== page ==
Martyrs represented something for me that was so interesting because while it was, without doubt, one of the most violent and unpleasant pieces of film I’d encountered, it also represented something quite special and emotive.  The film swings through a number of subgenres, with Laugier committing to each one.  Lucie’s hallucinations offer an element of jump-scare supernatural horror before swinging into full-blown revenge movie for one act and finally, the full ordeal horror to be undertaken by Anna.  As already mentioned, it is the strength with which Laugier commits to each section that both elevates the material and avoids the feeling that they have been hastily pasted together.

The layers of the film mean that it is very difficult, upon first watch at least, to find your bearings within the film.  This makes the identification with Anna, who is trying to find her own way much stronger as she functions as our only sane way into the world laid out before us.  At first, she tries to comfort Lucie but is then implicated in her revenge plot.  Throughout, Anna acts as a kind of conscience – she cannot be totally sure that the family is responsible for the atrocities and so she cannot truly quantify what Lucie has done.  As a result, when she finds that the mother is not dead, her first instinct is to try and help.  In every part of the film, Anna finds herself part of a nightmarish world from which there is no escape.  More depressingly, it is her desire to do the right thing at every stage which further damns her.

A key example of this within the film occurs at the very start where the young Lucie is fleeing the place where she has been kept and stops to notice another woman in the same situation.  Despite her noticeable pause, she keeps running.  It is Lucie’s guilt over this woman that contributes to her later visions.  Anna, however, meets an emaciated woman who has been bound in what amounts to a metal chastity belt and a blindfold device which has been screwed into her scalp.  In one of the film’s softer (although still distressing moments) Anna is seen to carefully help the woman, helping her into a bath and trying to remove the device from her head.  It has always been one of the most touching moments of the film as Anna shows tenderness to a woman who has known nothing but fear.  The fact that this act keeps Anna in the house further cements her as an ideal victim for the cult.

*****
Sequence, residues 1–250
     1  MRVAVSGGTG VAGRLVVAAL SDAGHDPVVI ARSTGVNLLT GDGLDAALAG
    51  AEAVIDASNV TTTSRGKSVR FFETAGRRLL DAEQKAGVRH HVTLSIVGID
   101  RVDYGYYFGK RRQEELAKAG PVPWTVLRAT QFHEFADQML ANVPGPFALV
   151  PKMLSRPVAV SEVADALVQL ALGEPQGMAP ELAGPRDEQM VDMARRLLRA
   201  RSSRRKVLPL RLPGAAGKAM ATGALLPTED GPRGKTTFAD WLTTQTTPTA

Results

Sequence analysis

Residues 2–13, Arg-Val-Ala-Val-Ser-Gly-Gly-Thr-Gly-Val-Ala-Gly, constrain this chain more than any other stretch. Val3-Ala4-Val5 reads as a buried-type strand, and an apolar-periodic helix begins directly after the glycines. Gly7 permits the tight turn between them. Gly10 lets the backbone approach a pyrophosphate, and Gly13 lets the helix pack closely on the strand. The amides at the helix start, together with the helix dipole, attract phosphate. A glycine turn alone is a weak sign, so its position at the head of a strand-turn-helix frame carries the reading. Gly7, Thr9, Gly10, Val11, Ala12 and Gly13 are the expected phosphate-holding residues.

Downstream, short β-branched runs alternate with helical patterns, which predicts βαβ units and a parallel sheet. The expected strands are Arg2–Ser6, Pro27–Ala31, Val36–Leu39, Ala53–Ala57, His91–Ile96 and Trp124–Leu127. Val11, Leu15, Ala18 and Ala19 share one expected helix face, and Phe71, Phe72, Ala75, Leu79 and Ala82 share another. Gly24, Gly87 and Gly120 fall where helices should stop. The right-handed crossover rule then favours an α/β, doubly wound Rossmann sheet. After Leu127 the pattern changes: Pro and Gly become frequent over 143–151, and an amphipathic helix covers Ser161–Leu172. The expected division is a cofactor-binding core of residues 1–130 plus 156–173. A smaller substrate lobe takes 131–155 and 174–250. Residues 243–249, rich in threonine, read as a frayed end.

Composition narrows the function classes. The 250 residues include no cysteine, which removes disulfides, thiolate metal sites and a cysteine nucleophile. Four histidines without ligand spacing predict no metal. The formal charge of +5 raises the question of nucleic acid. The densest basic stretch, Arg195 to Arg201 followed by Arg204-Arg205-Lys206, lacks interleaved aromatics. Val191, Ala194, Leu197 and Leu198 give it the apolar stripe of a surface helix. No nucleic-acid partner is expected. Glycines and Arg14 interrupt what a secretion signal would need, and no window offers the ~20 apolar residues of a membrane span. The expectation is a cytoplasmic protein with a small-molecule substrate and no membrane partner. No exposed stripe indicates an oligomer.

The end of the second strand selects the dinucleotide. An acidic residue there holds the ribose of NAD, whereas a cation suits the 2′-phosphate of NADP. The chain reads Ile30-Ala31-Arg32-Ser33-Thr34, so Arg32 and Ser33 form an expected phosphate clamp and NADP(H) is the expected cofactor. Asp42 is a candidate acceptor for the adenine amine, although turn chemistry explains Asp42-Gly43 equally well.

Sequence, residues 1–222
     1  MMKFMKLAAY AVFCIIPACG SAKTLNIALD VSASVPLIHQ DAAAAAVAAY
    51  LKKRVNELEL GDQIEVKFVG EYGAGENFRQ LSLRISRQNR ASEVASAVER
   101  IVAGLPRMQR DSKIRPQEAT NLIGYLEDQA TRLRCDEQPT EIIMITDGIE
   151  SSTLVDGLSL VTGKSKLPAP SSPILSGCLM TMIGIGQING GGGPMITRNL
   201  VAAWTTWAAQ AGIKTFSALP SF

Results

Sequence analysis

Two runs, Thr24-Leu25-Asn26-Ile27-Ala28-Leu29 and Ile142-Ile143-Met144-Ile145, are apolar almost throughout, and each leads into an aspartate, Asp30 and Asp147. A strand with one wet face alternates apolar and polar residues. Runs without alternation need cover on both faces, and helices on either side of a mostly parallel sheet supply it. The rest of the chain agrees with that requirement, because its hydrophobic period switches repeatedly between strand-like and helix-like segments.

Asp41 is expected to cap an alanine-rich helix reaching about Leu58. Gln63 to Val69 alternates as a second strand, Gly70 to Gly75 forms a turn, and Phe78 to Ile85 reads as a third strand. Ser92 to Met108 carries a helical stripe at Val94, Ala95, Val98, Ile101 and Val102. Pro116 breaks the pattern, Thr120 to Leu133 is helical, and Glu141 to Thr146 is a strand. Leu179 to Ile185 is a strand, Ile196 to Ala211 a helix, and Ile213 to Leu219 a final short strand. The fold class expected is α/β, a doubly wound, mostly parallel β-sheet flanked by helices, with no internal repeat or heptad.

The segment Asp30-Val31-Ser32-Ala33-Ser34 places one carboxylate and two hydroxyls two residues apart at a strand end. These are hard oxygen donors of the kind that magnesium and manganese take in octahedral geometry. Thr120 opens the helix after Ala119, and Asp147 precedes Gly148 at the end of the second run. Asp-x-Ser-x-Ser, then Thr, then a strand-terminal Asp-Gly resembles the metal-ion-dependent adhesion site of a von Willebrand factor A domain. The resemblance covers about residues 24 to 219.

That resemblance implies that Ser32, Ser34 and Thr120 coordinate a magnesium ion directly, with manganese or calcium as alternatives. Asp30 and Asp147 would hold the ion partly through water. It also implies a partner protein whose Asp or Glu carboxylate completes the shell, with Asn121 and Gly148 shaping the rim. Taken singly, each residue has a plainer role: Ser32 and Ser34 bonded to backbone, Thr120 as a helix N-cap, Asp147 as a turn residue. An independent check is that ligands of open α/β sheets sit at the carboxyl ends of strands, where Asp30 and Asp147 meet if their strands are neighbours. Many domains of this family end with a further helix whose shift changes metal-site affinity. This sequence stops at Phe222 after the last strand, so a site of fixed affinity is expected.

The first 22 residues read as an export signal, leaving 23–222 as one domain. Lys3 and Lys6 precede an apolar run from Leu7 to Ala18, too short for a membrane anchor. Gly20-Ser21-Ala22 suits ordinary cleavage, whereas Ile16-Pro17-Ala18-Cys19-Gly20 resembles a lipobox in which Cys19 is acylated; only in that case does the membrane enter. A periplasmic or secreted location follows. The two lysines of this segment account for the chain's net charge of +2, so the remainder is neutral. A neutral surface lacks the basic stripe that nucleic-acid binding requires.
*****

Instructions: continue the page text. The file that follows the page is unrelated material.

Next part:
The ambiguity of the film’s ending adds to it’s intrigue.  The fact that the words at the centre of the organisation’s interests are enough to make Mademoiselle instantly commit suicide offer up options for what those words are.  Being an atheist cynic, I’ve always kept it that Anna tells her there is nothing.  However, anything that Anna says, given the belief the organisation places in her offers the perfect opportunity for a last middle finger which reduces the group’s aims to vile criminality with nothing else for them to cling to.  In a sense, there’s almost a happy-ending to be brought from that.  While Anna’s torture and eventual death cannot be undone, she is able to destabilise that operation.  Of course, that reading offers further implications for the organisation and those they hold captive.  If the organisation is deemed a failure, the girls kidnapped face an uncertain future – are they killed or dumped with the trauma of what they have seen?  Or, does another leader take over and continue the project?